I returned to the Red-bellied Woodpecker nest that I have been watching for a few weeks now. It is still occupied. The occupant is a bit sassy and stuck his/her tongue out at me.
New fledglings are appearing everywhere. This young Catbird was a little shaky with his early flying attempts. He was sitting in the trail looking somewhat bedraggled. There were a couple of adult birds nearby. He wasn’t there a couple of hours later when I finished the trail loop and likely (hopefully) managed to work his way back into the trees.
These are some birds whose names really fit. The yellow really pops out in this Common Yellowthroat.
Red-winged Blackbirds use those shoulder patches to advertise their territory.
Cedar Waxwings get their name from the waxy looking red tips on their primary feathers. They are not always visible but they are here.
We got a distant look at a Least Bittern. This one came out of the reeds where it could more easily be seen. They are nearly invisible when they stand still in the reeds while waiting to grab anything swimming by. We got an even better look as he flew across the pool and into the reeds on the other side.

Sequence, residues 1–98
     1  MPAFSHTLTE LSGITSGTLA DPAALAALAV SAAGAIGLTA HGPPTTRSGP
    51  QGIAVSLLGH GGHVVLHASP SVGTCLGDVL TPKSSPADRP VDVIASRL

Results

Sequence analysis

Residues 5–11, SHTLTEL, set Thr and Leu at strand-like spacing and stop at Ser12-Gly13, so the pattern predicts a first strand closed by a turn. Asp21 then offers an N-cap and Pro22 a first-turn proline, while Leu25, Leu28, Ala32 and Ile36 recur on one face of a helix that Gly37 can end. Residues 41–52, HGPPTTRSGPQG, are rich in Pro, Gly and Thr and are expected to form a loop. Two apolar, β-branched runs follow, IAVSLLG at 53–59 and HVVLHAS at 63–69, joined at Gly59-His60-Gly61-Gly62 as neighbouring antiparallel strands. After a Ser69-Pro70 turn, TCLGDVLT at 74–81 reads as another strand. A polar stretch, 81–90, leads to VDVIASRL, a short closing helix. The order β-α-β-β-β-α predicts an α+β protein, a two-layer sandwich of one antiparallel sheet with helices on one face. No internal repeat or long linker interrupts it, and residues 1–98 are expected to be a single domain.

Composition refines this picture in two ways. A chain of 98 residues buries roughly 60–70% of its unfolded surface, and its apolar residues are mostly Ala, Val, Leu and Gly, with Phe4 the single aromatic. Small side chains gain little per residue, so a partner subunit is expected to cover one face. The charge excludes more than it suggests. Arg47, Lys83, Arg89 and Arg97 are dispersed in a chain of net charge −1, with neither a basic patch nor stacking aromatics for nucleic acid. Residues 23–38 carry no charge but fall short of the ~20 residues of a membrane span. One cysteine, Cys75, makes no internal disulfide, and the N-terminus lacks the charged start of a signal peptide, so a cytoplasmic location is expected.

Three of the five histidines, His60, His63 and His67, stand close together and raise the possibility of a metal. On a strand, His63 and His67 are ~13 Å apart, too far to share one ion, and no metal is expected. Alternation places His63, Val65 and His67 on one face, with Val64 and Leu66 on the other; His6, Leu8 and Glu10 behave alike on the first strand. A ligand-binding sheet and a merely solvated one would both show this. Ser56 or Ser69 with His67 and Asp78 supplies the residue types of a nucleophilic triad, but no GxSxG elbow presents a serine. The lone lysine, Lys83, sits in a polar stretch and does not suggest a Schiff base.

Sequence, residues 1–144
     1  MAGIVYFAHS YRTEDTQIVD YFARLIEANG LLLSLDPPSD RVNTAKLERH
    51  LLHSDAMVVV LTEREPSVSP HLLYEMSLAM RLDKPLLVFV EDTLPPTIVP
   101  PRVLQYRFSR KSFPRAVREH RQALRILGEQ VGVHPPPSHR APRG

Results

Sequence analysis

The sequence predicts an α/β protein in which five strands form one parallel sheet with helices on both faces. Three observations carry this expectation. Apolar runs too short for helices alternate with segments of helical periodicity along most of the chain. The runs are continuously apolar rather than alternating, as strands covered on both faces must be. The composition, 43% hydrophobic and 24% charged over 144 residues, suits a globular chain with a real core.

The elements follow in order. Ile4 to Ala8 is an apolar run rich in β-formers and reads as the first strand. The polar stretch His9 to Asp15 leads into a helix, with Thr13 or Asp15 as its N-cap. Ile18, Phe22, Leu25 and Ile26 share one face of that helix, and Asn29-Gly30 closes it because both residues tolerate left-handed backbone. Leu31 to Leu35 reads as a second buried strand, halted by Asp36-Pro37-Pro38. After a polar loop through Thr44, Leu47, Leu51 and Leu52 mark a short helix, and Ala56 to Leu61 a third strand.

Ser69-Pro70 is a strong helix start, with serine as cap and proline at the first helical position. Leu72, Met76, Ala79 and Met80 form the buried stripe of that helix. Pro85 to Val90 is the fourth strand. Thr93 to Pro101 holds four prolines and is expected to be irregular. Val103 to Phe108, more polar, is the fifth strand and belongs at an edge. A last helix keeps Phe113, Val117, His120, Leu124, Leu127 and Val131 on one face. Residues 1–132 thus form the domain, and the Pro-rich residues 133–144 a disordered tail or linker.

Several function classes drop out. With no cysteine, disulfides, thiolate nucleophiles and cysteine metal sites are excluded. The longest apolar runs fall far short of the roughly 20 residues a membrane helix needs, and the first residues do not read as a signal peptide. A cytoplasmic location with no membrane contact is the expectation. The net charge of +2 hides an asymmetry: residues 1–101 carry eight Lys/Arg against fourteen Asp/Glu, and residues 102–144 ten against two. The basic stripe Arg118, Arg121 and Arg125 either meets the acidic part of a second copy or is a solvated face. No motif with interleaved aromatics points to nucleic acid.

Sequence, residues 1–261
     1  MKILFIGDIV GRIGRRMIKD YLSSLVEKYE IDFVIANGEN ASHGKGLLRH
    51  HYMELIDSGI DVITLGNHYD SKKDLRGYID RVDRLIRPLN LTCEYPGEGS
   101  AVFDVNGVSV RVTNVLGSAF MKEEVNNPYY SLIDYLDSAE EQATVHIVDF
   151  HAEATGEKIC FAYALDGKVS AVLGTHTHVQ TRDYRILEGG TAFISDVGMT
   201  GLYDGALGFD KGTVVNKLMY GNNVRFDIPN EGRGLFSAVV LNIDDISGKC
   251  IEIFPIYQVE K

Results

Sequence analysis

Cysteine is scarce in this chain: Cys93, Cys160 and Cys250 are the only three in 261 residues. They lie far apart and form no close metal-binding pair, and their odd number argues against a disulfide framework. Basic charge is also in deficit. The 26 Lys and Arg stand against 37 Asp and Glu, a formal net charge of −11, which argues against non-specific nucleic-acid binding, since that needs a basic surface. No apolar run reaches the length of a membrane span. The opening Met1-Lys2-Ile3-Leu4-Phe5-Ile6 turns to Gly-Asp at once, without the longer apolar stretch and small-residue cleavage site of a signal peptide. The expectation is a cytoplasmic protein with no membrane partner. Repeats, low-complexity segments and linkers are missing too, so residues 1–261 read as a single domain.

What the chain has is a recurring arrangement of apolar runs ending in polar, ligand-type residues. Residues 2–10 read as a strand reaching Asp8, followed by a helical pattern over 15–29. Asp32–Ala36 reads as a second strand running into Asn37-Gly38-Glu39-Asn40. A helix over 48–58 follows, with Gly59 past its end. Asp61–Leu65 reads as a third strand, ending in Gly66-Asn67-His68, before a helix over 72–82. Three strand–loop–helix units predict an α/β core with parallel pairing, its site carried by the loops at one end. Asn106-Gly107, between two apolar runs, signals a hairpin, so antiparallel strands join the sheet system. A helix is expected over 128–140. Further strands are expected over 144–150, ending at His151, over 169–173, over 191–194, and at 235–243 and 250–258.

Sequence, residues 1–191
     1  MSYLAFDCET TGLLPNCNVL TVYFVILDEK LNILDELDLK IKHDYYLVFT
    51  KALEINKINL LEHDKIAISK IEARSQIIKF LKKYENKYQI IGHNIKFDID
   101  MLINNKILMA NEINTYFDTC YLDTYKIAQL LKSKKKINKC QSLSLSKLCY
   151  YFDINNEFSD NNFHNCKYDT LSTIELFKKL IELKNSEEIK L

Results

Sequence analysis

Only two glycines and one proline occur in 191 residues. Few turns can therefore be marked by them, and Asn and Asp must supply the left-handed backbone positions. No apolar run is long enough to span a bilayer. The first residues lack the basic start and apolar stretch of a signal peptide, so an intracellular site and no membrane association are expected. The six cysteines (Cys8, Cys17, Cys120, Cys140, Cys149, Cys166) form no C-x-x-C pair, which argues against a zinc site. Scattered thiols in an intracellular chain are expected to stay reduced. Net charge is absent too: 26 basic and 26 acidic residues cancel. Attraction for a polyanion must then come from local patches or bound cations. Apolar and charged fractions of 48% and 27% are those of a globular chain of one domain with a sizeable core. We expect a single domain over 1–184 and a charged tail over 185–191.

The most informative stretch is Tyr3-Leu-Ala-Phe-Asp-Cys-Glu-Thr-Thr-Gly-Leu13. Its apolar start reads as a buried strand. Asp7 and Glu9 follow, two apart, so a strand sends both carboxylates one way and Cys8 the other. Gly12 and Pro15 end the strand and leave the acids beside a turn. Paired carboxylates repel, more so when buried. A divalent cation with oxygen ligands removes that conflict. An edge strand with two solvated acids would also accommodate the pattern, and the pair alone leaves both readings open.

There was a Great Egret in the same pool who was very successful in getting lunch. This is the big one that didn’t get away!
A Saltmarsh Sparrow peeks out of the saltmarsh grass. The orange and gray head are a colorful departure from the typical sparrow colors.
Bank Swallows are still nesting on the southern end of Plum Island. The dark collar makes it easier to pick them out from other swallows in flight.
I don’t remember seeing so many Gadwalls on the island before. I have seen them on every trip and in different locations in the refuge. The black butt is easy to spot.
I’ll end with a non-feathered inhabitant of the refuge. Bugs was roaming the edge of the main parking lot as I waited for my friends to show up.